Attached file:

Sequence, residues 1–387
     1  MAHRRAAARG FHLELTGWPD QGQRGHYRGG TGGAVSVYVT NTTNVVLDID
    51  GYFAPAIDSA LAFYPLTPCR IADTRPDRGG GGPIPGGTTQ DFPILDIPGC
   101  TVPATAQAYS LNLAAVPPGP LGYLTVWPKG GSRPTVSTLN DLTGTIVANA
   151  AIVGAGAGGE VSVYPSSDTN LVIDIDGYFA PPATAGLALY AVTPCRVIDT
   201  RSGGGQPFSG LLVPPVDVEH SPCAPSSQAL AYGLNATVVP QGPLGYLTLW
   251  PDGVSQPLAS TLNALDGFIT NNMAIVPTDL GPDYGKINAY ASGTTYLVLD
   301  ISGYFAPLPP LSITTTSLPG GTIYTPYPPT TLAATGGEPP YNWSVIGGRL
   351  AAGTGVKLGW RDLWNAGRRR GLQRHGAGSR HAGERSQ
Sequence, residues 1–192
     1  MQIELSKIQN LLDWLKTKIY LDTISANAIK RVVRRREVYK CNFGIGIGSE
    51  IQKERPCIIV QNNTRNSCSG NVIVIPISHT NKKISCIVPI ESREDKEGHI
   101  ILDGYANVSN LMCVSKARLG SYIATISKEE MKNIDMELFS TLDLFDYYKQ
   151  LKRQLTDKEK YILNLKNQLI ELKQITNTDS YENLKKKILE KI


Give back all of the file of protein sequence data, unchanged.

Sequence, residues 1–387
     1  MAHRRAAARG FHLELTGWPD QGQRGHYRGG TGGAVSVYVT NTTNVVLDID
    51  GYFAPAIDSA LAFYPLTPCR IADTRPDRGG GGPIPGGTTQ DFPILDIPGC
   101  TVPATAQAYS LNLAAVPPGP LGYLTVWPKG GSRPTVSTLN DLTGTIVANA
   151  AIVGAGAGGE VSVYPSSDTN LVIDIDGYFA PPATAGLALY AVTPCRVIDT
   201  RSGGGQPFSG LLVPPVDVEH SPCAPSSQAL AYGLNATVVP QGPLGYLTLW
   251  PDGVSQPLAS TLNALDGFIT NNMAIVPTDL GPDYGKINAY ASGTTYLVLD
   301  ISGYFAPLPP LSITTTSLPG GTIYTPYPPT TLAATGGEPP YNWSVIGGRL
   351  AAGTGVKLGW RDLWNAGRRR GLQRHGAGSR HAGERSQ
Sequence, residues 1–192
     1  MQIELSKIQN LLDWLKTKIY LDTISANAIK RVVRRREVYK CNFGIGIGSE
    51  IQKERPCIIV QNNTRNSCSG NVIVIPISHT NKKISCIVPI ESREDKEGHI
   101  ILDGYANVSN LMCVSKARLG SYIATISKEE MKNIDMELFS TLDLFDYYKQ
   151  LKRQLTDKEK YILNLKNQLI ELKQITNTDS YENLKKKILE KI